advocacy for CC 0 over BY-SA

Victor Stone: Consider: Zero

Earlier this year Creative Commons formally introduced a license waiver called CC0 (CC Zero). I urge musicians, as strongly as I can, to consider using this license waiver for the audio samples they put into the Commons.

Audio samples licensed with CC0 with a CC0 waiver are the most flexible and least restrictive. Put another way, they carry the most freedom. Isn’t it hard enough to be creative?

No matter how highly I consider my musical work on my best days, I would like to think there is balance between my personal desires and choking off my great granchildren’s freedoms to speak creatively.

I’ve been putting most of my own recordings into the public domain lately, but mainly because it’s the only license certain to be compatible with anything that somebody might want to remix with. Also, there’s an issue of license obsolescence that I worry about. All I care about is being heard.

Victor’s point about freedom is compelling too, though. That’s kind of a revelation to me. I remember Gordon Mohr of Internet Archive and Bitzi saying something similar 7-8 years ago, and I wasn’t ready to get it. Gordon, you were right.

Also, there’s an issue with music that’s different from code: musicians just don’t understand copyright in any way. Burdening them with the difference between the different flavors of CC license is a non-starter.

6 thoughts on “advocacy for CC 0 over BY-SA

  1. I don’t think coders knew anyhting about copyright 20 years ago either, so I wouldn’t make decisions based on that. But yes, maximizing freedom is good.

  2. Well, coders were always a lot more analytical. Musicians are usually really uncomfortable with anything that feels snooty, upscale, braniac… Just try a conversation at a loud bar about the difference between CC licenses.

  3. Sorry Lucas. I’m posting here so I can get this off my chest. Because I just don’t get it. Apologies if this sounds bitter. No need to respond to this lunatic. ;)

    First off why complicate something that’s really not necessary yet? I am frustrated seeing a new license when I don’t fully understand the old ones yet. Or more accurately, I have never really seen a real example of a CC license giving more or less musical freedom to anyone yet. In theory yeah but honestly, no.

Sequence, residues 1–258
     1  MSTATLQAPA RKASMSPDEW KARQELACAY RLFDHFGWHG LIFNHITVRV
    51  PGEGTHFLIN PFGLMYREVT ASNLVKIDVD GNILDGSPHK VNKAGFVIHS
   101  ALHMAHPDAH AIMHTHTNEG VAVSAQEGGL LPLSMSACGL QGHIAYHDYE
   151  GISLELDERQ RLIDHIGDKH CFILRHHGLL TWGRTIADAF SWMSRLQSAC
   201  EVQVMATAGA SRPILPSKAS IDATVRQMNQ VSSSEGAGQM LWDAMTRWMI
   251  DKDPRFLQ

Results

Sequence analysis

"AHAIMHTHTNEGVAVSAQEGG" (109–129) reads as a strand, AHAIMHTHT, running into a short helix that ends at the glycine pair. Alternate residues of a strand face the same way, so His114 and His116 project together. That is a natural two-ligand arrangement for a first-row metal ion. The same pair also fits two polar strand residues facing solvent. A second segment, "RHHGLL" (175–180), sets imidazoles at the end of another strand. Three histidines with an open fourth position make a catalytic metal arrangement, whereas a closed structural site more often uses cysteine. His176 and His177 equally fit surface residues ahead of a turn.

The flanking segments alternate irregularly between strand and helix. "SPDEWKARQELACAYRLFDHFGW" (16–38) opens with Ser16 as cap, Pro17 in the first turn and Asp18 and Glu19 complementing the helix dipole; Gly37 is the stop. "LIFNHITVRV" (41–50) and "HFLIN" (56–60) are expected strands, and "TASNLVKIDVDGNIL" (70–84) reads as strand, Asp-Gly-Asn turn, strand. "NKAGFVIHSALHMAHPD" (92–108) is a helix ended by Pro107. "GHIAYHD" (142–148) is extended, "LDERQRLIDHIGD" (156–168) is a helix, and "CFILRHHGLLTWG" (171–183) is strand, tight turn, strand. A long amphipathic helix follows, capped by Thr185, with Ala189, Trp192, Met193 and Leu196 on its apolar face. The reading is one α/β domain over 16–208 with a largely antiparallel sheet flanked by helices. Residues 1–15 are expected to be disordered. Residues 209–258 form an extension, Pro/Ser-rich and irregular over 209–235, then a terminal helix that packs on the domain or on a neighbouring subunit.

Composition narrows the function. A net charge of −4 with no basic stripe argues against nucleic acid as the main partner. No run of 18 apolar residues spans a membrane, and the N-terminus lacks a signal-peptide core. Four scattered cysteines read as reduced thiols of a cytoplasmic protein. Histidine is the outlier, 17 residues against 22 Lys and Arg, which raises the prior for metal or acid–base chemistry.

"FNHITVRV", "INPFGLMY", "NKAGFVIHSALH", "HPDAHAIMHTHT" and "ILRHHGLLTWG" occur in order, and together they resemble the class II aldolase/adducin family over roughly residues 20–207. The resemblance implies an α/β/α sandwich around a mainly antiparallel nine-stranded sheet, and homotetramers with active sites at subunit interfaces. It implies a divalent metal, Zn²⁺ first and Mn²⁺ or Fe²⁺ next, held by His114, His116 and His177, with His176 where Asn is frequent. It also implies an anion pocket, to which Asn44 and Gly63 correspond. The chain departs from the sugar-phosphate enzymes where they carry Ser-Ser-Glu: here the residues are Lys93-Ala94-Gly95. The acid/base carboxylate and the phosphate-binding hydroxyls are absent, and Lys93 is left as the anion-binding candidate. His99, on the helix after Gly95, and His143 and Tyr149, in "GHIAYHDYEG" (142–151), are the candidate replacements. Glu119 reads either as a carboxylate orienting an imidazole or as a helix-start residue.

Secondly without attribution, data gets lost. If I like a sound I hear in a work and want to find it, CC0 won’t help or most likely misinform me of it’s origin. CC0 in my opinion will mess thing up and make people lazy.

    In a world where anything and everything can be documented relatively easily, attribution is not a whole lot to ask for. And I feel attribution is important beneficial knowledge. And it’s respectful.

    I don’t mean to offend anyone but personally I feel it’s too much freedom for the sake of well… some people feeling good about themselves. Or maybe, I’m just jealous that I’m not in that position? :)

  4. Hey, that’s cool lol – totally reasonable reaction.

    Some things to keep in mind: CC0 is not a license, it’s a waiver.

    Public Domain is an Amercian construct. There are several countries, many of them that produce music for ccMixter that do not ALLOW musicians to put music into a PD state, they are not allowed to give up ownership – to CC0 fills that need.

    Putting an attribution restriction on a loop is actually *adding* restrictions to a the model of using loops from say a typical royalty-free loop library. I think this hurts adoption of libre samples – imo – needlessly.

    I think you’ve benefited quite handsomely from the freedoms enabled by CC licenses – I’m missing something in that segment of your comment. Certainly you’ve been subject to having your expression stymied by having all freedoms limited (?)

    Data is “lost” every time you give a gift anonymously – something you do all the time when you refuse credit for all your hard work at ccM and who knows where else. A certain kind of data may be lost, but that’s the original artist’s wishes – their wish is to gift anonymously.

  5. Great posts, Lucas and Victor. Couple minor comments on comments above…

    1) CC0 means attribution is not legally required. It doesn’t mean attribution is automatically lost or that releasing under CC0 is the equivalent of publishing anonymously. I expect lots of people will use CC0 and publish recommended but not mandated attribution/credit/citation info (the geeky word for this is apparently “norms”). Whether you want to legally require attribution depends on how much being able to legally demand credit is worth to you in creating more friction around uses of your work.

    2) I don’t like the line that “PD is an American construct”. There are some important ways PD is more clear and more present in the US than most other places, but PD is an important concept that should grow everywhere. Some info at and there’s a network explicitly for exploring the (very broadly defined) digital public domain from an EU perspective, see … also it is a bit of a hack but I think the very broad conception of the public domain that I think is described in James Boyle’s book of the same name, as the inverse of copyright restrictions — eg fair use and other limitations, as well as voluntary commons, all expand “the public domain” of stuff and uses people can do without restriction as opposed to works that are wholly in the public domain, is a useful construct to at least think about.

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